China warned the United States today that everyone will be harmed if President Donald Trump launches a trade war, even as official figures showed the Asian power maintained a robust trade surplus with the US.
China will respond as necessary in the event of a trade war with the United States, foreign Minister Wang Yi said.
US President Donald Trump is expected to establish tariffs of 25 per cent on imported steel and 10 per cent on imported aluminium today despite global concerns. But the White House
has said there could be a 30-day exemption for Mexico and Canada and some other countries based on national security. Such a move aims to counter cheap imports, especially from China, that Trump says undermine US industry and jobs.
"Choosing a trade war is surely the wrong prescription, in the end you will only hurt others and yourself. China will certainly make an appropriate and necessary response," Wang said at a press conference on the sidelines of the Communist Party's annual parliamentary session.
Trump's administration has faced growing opposition to the tariffs from prominent congressional Republicans and business officials worried about their potential impact on the economy.
Wang said China and the United States did not have to be rivals, and history showed that trade wars were not the correct way to resolve problems.
''Especially given today's globalisation, choosing a trade war is a mistaken prescription. The outcome will only be harmful,'' Wang said. ''China would have to make a justified and necessary response.''
On Wednesday, at the World Trade Organization, China led a group of 18 members urging Trump to scrap the planned tariffs, with its representative saying the levies would pose a systemic threat to the rules-based global trading system.
US imports from China of steel and aluminium make up a small proportion of its total imports from the world's second largest economy. But the tariffs may be the first foray in the brewing American trade war with Beijing.
Wang said China had a long way to go on its path of modernisation, and that it ''will not and need not displace the United States''.
Trump addressed trade with China in tweets on Wednesday, demanding that it lay out plans for reducing its trade surplus with the United States by $1 billion, which appeared to have been raised during a meeting with a top Chinese official last week.
''China has been asked to develop a plan for the year of a One Billion Dollar reduction in their massive Trade Deficit with the United States,'' Trump tweeted, without saying where the message had been conveyed.
Trump appeared to have bungled in the tweet, as he does all too often. He mistakenly referred to a deficit where China runs a surplus. It was also not clear if he meant that amount,
which would only be about 0.27 per cent of the record $375.2 billion goods trade surplus China had with the United States last year.
In coming weeks, the Trump administration plans to issue a report on China's intellectual property practices expected to hammer China and possibly bring about further tariffs on a wider range of Chinese imports.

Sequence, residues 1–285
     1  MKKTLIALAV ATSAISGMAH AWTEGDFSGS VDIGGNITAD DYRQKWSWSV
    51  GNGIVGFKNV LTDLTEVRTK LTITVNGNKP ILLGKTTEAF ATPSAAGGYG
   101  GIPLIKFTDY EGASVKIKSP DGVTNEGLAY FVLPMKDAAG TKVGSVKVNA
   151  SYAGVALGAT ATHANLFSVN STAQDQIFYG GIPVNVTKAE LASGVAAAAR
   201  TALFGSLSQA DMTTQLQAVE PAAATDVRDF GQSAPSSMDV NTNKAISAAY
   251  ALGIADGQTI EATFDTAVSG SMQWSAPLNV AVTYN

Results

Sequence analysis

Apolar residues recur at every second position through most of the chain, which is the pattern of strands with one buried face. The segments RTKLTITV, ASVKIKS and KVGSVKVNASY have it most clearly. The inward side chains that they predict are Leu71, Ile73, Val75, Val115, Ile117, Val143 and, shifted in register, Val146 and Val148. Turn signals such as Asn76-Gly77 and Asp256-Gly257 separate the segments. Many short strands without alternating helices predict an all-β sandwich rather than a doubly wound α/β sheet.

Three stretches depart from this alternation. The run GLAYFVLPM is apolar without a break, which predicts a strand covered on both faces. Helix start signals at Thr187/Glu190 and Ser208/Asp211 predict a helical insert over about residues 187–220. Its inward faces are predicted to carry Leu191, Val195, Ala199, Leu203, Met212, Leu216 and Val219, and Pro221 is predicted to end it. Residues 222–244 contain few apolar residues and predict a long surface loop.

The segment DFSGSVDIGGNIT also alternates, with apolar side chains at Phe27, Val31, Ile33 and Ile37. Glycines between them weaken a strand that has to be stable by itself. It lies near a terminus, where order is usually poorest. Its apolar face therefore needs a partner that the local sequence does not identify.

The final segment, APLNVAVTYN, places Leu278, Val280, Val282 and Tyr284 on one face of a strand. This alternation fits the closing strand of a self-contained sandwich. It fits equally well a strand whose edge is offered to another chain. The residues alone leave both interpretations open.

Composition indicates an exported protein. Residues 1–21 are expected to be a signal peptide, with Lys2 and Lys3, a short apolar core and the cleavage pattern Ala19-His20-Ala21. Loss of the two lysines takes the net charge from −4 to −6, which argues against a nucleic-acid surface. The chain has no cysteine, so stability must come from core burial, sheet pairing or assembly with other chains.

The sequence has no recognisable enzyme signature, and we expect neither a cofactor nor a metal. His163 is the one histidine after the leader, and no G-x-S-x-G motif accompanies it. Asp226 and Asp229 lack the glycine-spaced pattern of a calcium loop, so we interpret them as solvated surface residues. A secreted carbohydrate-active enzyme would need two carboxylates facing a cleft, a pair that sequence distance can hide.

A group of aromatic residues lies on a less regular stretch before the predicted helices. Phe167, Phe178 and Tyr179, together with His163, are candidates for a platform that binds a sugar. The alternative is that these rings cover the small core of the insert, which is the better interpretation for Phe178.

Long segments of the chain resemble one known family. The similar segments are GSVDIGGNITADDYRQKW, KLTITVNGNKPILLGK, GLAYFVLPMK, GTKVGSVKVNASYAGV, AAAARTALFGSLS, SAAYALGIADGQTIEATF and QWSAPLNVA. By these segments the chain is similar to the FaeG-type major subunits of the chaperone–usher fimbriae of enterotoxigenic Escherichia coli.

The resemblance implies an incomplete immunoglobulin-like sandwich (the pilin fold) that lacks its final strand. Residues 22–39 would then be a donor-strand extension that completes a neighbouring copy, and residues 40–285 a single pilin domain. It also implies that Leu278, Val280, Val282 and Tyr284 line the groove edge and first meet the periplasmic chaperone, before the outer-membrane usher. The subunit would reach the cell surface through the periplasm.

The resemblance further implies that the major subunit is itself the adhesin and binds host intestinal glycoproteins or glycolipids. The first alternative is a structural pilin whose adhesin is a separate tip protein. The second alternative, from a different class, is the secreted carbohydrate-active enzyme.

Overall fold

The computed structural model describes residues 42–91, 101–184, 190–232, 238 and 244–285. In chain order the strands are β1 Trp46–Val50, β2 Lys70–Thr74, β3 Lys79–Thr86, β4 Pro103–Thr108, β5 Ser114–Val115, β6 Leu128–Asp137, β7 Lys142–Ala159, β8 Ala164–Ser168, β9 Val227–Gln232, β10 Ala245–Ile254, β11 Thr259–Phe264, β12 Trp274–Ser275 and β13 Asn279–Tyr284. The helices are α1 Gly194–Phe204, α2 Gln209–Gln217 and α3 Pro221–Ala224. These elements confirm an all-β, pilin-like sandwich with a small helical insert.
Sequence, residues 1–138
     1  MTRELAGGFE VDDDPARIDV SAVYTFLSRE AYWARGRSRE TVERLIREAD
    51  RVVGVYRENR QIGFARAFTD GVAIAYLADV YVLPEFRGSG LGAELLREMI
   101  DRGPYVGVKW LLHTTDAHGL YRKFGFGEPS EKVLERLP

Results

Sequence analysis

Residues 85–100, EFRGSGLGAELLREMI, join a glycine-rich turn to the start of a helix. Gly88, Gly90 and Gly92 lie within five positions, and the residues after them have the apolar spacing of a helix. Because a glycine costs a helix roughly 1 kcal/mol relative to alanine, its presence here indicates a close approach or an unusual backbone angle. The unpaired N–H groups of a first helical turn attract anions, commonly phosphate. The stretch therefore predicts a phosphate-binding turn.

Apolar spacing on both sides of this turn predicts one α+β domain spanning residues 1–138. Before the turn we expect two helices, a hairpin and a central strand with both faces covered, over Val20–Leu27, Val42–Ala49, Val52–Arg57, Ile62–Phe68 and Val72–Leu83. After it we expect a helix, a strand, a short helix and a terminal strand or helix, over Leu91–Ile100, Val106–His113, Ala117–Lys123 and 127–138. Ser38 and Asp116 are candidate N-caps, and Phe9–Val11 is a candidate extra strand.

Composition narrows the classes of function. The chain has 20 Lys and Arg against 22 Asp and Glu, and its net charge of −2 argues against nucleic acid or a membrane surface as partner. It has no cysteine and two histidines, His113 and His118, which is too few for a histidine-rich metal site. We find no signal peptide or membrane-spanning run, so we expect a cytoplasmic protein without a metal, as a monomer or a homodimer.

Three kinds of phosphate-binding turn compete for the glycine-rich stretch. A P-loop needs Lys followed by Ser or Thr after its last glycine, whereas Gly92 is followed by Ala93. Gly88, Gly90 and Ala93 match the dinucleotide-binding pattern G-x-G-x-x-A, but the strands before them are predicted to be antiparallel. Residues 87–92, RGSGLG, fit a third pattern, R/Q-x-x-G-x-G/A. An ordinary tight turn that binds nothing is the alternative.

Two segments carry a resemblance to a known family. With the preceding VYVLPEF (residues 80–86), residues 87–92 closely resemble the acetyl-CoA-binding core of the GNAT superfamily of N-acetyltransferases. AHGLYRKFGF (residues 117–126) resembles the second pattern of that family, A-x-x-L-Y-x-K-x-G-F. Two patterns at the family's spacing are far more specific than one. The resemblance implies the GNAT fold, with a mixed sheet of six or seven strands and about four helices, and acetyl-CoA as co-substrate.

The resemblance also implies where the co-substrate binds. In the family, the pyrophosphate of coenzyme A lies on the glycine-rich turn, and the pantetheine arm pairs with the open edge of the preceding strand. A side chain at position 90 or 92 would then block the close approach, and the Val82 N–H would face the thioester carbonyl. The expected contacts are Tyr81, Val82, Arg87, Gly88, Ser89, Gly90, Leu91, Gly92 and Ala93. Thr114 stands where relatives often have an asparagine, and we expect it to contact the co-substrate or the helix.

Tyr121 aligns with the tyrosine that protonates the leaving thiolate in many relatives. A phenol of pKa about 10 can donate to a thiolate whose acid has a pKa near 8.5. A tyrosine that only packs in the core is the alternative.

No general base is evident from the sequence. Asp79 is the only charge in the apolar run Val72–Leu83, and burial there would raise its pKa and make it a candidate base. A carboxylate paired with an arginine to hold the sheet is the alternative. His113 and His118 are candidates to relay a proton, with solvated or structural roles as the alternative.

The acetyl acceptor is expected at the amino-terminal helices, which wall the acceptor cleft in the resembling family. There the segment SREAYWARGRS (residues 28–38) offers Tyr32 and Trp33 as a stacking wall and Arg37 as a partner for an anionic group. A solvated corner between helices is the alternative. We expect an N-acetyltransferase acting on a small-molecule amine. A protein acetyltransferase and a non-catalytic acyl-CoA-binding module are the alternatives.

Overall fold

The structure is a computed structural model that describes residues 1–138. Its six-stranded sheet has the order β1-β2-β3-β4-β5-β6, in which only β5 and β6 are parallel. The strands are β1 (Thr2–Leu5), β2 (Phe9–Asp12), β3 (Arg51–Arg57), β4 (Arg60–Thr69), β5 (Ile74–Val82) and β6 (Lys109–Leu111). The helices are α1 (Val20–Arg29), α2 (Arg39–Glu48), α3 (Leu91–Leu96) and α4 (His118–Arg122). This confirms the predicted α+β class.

"The US is acting swiftly on Intellectual Property theft. We cannot allow this to happen as it has for many years!" Trump tweeted hours before Wang took the stage in Beijing.
Trade tensions between the world's two largest economies have risen since Trump took office in 2017, and although China only accounts for a small fraction of US steel imports, its massive industry expansion has helped produce a global glut of steel that has driven down prices.
The US tariffs are expected to go into effect in two months, though economists see little immediate impact on China.
Capital Economics estimates China's exports of steel and aluminium to the United States account for less than 0.1 per cent of its gross domestic product, as both are already limited by anti-dumping measures.
''On paper, China has more to lose from a trade war – it exports far more to the US than it imports. But there are few alternative sources for the main products the US buys from China,'' the research firm said in a note on Wednesday.
US soy beans, aircraft and cars are widely seen as vulnerable to possible retaliation from Beijing.
Trump is also considering trade sanctions against China under a ''Section 301'' investigation into its intellectual property practices and pressure on foreign companies for technology transfers.
According to Reuters, diplomatic and US business sources say the United States has all but frozen a formal mechanism for talks on commercial disputes with China because it is not satisfied it has met its promises to ease market restrictions.
China's latest trade data released on Thursday showed its February exports up 44.5 per cent from a year earlier, beating market expectations, while imports grew 6.3 per cent. That left it with a trade surplus of $33.74 billion for the month, and a January-February trade surplus with the United States of $42.92 billion.
China's trade performance rebounded in 2017 and logged a strong start this year thanks to robust demand at home and abroad.
But the tensions with the United States are clouding the outlook for exports, while a cooling property market may curb domestic demand for imported raw materials such as iron ore.